The Chilean group Arauco, an affiliate of the pulp and paper Copec Enterprises announced on Thursday that together with its European partner they had subscribed 1.354 billion dollars in loans for the construction of a pulp plant in Uruguay.
Arauco owns 50% of the Montes del Plata project in partnership with the Swede-Finish corporation Stora Enso which in planning to invest 1.9 billion dollars in the plant for an annual production of 1.3 million tons of pulp.
The credit package includes a 454 million dollars loan from the Inter American Development Bank and another 900 million dollars from different financial sources.
Last July Arauco signed a guarantee agreement to extend collateral in support of the financial obligations.
The Montes del Plata project besides the pulp plant includes the construction of a port to ship the pulp and a power generating plant.
In 2009, Stora Enso which is Europe’s leading corporation in the pulp and paper industry purchased together with Arauco, one of the major forestry companies in Latin America, most of the assets from Spain’s ENCE in Uruguay.
When finally completed in two years time Montes del Plata will be the second major pulp plant in Uruguay, as well as one of the major single private investments in the country’s history. The other plant belonging to Finland’s Botnia-UPM has been in production now for several years.
Botnia-UPM on the River Uruguay shared with Argentina, triggered a major conflict between the two neighbouring countries that lasted several years, including pickets, blocked bridges and the International Court of Justice in The Hague, but was finally overcome politically in direct discussions between President Jose Mujica and President Cristina Fernandez de Kirchner.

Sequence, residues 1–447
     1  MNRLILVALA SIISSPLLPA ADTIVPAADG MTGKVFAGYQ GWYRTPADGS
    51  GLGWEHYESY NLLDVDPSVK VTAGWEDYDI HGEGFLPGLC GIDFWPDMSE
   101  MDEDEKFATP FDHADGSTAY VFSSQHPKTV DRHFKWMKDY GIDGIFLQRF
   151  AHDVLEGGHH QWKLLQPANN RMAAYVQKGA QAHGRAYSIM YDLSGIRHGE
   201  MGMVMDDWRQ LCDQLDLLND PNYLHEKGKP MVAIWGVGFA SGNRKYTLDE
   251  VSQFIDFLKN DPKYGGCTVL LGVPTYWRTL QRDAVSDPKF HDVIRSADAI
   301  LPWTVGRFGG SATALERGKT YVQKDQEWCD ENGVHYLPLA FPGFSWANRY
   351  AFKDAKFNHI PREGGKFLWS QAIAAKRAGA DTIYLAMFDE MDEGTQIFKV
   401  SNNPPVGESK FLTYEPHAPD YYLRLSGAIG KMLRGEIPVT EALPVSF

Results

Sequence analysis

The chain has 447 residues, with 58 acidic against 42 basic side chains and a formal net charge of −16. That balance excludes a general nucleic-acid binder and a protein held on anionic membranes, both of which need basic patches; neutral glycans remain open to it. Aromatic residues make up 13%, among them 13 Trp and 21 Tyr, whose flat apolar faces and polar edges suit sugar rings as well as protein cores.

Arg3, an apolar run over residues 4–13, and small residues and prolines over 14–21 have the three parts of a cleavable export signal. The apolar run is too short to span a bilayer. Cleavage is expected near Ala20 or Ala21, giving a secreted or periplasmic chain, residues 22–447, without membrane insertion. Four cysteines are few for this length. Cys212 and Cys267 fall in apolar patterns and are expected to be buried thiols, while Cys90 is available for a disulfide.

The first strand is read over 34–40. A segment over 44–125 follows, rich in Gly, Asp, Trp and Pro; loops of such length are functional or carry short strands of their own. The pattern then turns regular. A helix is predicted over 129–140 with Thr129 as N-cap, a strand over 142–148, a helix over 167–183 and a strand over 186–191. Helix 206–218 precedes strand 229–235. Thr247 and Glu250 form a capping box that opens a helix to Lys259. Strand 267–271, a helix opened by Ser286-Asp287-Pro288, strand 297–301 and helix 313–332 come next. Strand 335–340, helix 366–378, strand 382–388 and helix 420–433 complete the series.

Argentina objected that Uruguay did not inform her of plans to build the plant as the joint administration of the river Uruguay agreement demands, and Argentine pickets claimed the Botnia plant was air and water contaminating. The claim has yet to be proved.
The Montes del Plata plant is being built in the western department of Colonia, along the River Plate and just sixty kilometres from Argentina’s capital Buenos Aires.
Members from the Uruguayan opposition have questioned the fine letter of the contract between Uruguay and Montes del Plata arguing foreign investors have been granted fiscal benefits not extensive to their Uruguayan counterparts.